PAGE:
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SBD/Issue 221/SportsBusiness Daily ExclusivesPrint All
Rob King Discusses ESPN's Social-
Networking Guidelines For Employees
SBD: Walk us through ESPN’s decision and the reasons behind it.
Rob King: We really felt we were at a point, like other large media companies, where we would help folks understand how we would play in this social networking space. If you follow things that have been happening on ESPN.com recently, you’ve seen ways in which we’ve really tried to embrace Twitter, in particular, as a means to providing content in real time for live events. We think there’s a real opportunity to give folks a real sense of who we are as fans. Whether it’s me saying that I’m a fan of the Script W, which is my code for the Washington Nationals, that’s an opportunity to show people a side of who we are as news gatherers and as sports fans in keeping with what everything that ESPN is about.
It’s an important opportunity to reiterate to folks that this technology is the equivalent of a live microphone. In that respect, it should be treated with some measure of awareness about how it represents those individuals who are forward-facing talent and how it represents how ESPN wants to connect with the audience. There’s a lot of education that goes along with it. Anyone who’s ever had a tweet re-tweeted to an audience knows that it can be presented in ways that you might never have understood or intended when you originally articulated those 140 characters.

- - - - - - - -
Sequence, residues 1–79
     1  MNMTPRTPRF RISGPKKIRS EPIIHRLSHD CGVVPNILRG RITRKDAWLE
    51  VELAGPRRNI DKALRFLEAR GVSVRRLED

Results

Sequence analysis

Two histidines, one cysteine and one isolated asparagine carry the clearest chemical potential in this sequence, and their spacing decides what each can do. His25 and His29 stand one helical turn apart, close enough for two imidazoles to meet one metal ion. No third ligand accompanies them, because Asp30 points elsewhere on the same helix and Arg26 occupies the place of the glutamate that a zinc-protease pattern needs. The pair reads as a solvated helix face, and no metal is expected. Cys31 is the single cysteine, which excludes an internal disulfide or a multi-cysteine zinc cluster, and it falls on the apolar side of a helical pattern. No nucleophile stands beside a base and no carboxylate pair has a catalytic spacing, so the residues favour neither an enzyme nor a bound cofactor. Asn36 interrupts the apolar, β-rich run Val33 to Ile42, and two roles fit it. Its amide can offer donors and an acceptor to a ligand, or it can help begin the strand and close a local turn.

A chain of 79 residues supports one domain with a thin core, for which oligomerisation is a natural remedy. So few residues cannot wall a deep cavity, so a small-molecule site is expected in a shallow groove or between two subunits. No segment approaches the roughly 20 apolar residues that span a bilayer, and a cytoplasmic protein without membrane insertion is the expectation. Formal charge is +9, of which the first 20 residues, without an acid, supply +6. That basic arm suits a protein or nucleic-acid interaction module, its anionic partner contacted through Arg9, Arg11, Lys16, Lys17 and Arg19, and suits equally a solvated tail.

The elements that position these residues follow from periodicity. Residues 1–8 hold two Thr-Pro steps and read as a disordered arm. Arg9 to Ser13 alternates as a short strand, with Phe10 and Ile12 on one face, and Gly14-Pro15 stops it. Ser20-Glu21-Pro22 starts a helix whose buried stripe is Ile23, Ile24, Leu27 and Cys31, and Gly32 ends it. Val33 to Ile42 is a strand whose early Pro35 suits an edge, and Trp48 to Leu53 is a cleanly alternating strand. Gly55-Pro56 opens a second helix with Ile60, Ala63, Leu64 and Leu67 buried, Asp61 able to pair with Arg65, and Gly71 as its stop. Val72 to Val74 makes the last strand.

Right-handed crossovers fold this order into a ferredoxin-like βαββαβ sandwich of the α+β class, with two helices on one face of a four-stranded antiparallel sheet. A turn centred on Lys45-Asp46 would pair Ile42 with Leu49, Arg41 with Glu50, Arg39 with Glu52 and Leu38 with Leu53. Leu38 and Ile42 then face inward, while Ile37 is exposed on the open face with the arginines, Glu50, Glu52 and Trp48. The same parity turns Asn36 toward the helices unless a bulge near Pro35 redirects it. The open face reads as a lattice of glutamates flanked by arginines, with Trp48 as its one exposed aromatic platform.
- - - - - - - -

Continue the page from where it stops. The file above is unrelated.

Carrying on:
SBD: How does ESPN expect to work with Twitter?
King: When Henry Abbott’s tweets were being posted right near True Hoop during the NBA Finals, we were making something of a statement about how we view this as a real valuable opportunity to engage with fans live. We did a pretty big experiment for the WNBA All-Star Game where we used a third-party software called Coveritlive to bring tweets and emails and chats and conversation technology all together to give folks a different glimpse of that game. Swin Cash was tweeting, and she happened to be the MVP. Rebecca Lobo was tweeting and she was named to the Women’s Basketball Hall of Fame at halftime. You had coaches, Nancy Lieberman, Donna Orender -- you had all these people engaged in real-time that is making the most of what the technology can do.
SBD: Who drove this?